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T. J. Clark

IN HIS PREFACE to Painting as an Art (1987), the philosopher Richard Wollheim described a somewhat unusual way of looking at paintings which he found both “massively time consuming and deeply rewarding”:

I came to recognize that it often took the first hour or so in front of a painting for stray associations or motivated misperceptions to settle down, and it was only then, with the same amount of time or more to spend looking at it, that the picture could be relied upon to disclose itself as it was. I spent long hours in the church of San Salvatore in Venice, in the Louvre, in the Guggenheim Museum, coaxing a picture into life. I noticed that I became an object of suspicion to passers-by, and so did the picture I was looking at.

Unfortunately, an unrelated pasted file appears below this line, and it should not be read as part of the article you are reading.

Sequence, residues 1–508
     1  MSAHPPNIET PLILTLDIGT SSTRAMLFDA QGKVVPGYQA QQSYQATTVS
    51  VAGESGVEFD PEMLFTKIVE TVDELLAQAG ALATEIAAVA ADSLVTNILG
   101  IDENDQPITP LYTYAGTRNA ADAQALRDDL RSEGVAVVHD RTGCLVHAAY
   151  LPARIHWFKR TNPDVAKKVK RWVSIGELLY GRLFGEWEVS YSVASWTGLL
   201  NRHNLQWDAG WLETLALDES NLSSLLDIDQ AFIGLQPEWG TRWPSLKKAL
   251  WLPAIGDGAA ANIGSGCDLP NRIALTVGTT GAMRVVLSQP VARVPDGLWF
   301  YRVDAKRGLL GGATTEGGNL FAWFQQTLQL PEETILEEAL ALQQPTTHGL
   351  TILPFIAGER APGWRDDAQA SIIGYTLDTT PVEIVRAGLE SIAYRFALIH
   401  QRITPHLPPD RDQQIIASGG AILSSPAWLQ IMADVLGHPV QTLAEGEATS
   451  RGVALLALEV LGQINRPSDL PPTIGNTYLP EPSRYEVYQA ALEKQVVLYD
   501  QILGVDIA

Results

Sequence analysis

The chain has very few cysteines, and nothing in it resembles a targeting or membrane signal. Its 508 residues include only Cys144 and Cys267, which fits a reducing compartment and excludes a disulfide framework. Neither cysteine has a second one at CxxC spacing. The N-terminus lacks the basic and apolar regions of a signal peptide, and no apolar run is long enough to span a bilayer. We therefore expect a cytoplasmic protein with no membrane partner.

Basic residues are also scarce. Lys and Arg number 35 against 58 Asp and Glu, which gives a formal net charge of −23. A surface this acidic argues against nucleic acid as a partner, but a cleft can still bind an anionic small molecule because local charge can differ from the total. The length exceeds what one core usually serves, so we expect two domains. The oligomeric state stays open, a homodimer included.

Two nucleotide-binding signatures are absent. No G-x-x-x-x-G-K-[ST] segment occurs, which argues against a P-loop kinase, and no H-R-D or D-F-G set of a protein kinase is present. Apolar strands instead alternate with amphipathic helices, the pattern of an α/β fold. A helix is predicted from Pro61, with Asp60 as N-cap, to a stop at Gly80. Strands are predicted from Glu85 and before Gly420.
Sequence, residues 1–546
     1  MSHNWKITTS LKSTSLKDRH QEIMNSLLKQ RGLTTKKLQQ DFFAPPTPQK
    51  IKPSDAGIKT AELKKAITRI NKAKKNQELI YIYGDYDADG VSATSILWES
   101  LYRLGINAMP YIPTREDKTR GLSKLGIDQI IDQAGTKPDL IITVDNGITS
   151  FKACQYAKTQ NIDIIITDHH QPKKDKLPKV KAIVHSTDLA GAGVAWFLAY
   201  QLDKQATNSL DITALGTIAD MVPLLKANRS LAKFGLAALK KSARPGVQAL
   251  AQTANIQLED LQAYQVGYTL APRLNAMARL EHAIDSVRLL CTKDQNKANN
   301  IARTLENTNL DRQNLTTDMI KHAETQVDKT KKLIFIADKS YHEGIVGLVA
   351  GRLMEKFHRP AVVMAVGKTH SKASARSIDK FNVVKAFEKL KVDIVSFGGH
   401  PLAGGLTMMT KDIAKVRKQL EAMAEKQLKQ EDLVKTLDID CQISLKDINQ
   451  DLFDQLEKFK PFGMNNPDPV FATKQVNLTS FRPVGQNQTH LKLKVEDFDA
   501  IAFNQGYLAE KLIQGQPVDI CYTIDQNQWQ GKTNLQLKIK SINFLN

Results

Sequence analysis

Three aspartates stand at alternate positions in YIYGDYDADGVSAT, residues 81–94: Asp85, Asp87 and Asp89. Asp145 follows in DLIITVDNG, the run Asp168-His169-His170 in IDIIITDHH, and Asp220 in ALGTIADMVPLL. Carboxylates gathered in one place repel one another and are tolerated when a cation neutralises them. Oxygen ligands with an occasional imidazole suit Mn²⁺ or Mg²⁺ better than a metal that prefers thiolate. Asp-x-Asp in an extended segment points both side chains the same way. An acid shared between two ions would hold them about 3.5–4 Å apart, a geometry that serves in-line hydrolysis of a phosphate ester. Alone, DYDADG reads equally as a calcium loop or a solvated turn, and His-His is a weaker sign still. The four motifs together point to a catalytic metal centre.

It was fundamental to Wollheim’s philosophy of art that art presupposes “a common human nature, and that pictorial meaning works through it,” and he was confident

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